Court Rules to Not Limit Speculation in Markets


WASHINGTON (Dow Jones) — A district court vacated a new rule designed to limit speculation in commodity markets, in a loss for regulators and the 2010 Dodd-Frank financial overhaul law.

The U.S. District Court for the District of Columbia sent the rule back to the Commodity Futures Trading Commission, ruling that the Dodd-Frank statute is ambiguous as to whether the limits were mandatory and regulators didn't properly justify the imposition of the limits.

“The Dodd-Frank amendments do not constitute a clear and unambiguous mandate to set position limits, as the Commission argues,” U.S. District Judge Robert Wilkins said in his decision.

Judge Wilkins ruled in favor of the Securities Industry and Financial Markets Association and the International Swaps and Derivatives Association, the trade groups that filed joint lawsuits in December against the CFTC seeking to throw out the rule.

The CFTC passed the so-called position-limits rule in October 2011 in a 3-2 vote along party lines. The debate leading up to the vote showed how even some commissioners supporting the rule thought it might not be effective. The new limits have long been a target of trade groups and the futures industry, and the agency's proposed rule prompted about 15,000 comment letters.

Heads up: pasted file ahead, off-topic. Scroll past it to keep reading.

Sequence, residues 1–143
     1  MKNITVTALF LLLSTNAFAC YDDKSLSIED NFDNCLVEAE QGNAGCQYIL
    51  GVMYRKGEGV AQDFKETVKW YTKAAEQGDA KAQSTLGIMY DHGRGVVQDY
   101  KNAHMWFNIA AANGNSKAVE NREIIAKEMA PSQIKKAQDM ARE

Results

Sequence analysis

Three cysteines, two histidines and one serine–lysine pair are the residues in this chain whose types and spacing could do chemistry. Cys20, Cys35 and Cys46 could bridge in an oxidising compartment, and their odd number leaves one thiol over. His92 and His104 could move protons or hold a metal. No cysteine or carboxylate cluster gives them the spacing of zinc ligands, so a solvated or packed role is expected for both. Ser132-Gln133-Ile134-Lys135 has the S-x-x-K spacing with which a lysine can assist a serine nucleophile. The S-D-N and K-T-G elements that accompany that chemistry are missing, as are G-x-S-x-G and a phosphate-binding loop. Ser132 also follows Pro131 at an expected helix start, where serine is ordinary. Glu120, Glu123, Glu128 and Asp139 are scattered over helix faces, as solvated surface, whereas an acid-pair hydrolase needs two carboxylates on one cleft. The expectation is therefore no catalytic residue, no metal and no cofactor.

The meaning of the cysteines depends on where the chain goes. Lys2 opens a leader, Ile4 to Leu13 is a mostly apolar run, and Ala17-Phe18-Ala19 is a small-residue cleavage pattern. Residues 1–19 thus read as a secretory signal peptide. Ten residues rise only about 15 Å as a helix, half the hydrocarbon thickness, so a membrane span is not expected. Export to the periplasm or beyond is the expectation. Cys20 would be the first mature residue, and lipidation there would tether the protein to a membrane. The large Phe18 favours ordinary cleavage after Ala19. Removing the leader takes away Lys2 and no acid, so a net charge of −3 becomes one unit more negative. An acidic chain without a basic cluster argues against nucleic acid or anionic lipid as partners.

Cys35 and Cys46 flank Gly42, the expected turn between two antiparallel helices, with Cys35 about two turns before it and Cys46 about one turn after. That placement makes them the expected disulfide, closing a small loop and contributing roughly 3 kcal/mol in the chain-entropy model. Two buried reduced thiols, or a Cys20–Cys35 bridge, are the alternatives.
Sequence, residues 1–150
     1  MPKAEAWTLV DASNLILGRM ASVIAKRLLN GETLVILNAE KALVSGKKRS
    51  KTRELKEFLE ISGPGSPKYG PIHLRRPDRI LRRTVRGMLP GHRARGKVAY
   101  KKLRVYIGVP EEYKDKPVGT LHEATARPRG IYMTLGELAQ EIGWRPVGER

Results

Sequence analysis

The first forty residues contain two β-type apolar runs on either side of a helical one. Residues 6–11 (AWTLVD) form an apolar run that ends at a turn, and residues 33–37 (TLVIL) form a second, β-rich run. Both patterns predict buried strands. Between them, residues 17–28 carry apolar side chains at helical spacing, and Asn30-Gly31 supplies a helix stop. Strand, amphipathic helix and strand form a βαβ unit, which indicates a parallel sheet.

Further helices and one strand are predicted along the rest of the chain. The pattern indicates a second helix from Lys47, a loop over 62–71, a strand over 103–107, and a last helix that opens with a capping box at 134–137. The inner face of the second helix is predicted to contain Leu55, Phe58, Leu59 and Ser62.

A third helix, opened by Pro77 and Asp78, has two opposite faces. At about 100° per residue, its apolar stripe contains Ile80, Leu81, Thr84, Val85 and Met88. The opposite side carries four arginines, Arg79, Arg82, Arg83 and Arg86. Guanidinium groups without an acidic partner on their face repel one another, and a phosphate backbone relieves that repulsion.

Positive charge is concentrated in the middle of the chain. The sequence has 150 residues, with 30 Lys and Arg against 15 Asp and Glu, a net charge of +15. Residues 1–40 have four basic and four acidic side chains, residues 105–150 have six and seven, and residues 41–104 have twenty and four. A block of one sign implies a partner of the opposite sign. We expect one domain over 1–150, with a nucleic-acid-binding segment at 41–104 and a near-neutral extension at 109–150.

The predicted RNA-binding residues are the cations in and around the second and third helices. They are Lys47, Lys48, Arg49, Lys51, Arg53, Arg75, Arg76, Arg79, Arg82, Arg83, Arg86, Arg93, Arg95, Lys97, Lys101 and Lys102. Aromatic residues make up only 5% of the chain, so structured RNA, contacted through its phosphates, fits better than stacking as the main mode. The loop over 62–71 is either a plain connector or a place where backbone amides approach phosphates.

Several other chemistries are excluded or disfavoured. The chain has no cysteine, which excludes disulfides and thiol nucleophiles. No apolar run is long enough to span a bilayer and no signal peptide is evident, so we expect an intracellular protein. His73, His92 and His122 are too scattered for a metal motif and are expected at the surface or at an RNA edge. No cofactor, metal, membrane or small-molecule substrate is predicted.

The rule aims to cap the positions firms can take in certain commodity contracts in order to curb sharp price increases. It gained traction in Congress during an oil-price spike in 2008, which some attributed to excessive speculation by short-term traders.

Eugene Scalia, a partner at Gibson, Dunn & Crutcher, argued the case for the trade groups. Mr. Scalia has successfully challenged regulators on behalf of trade groups before. The firm represented the U.S. Chamber of Commerce and the Business Roundtable in their successful suit against the Securities and Exchange Commission over a new rule that would have allowed investors to more easily oust corporate directors. The rule was overturned by the court, and the SEC decided not to appeal the decision.

The CFTC, ISDA and Sifma didn't immediately return requests for comment.

Source:  Dow Jones

Posted by Haylie Shipp


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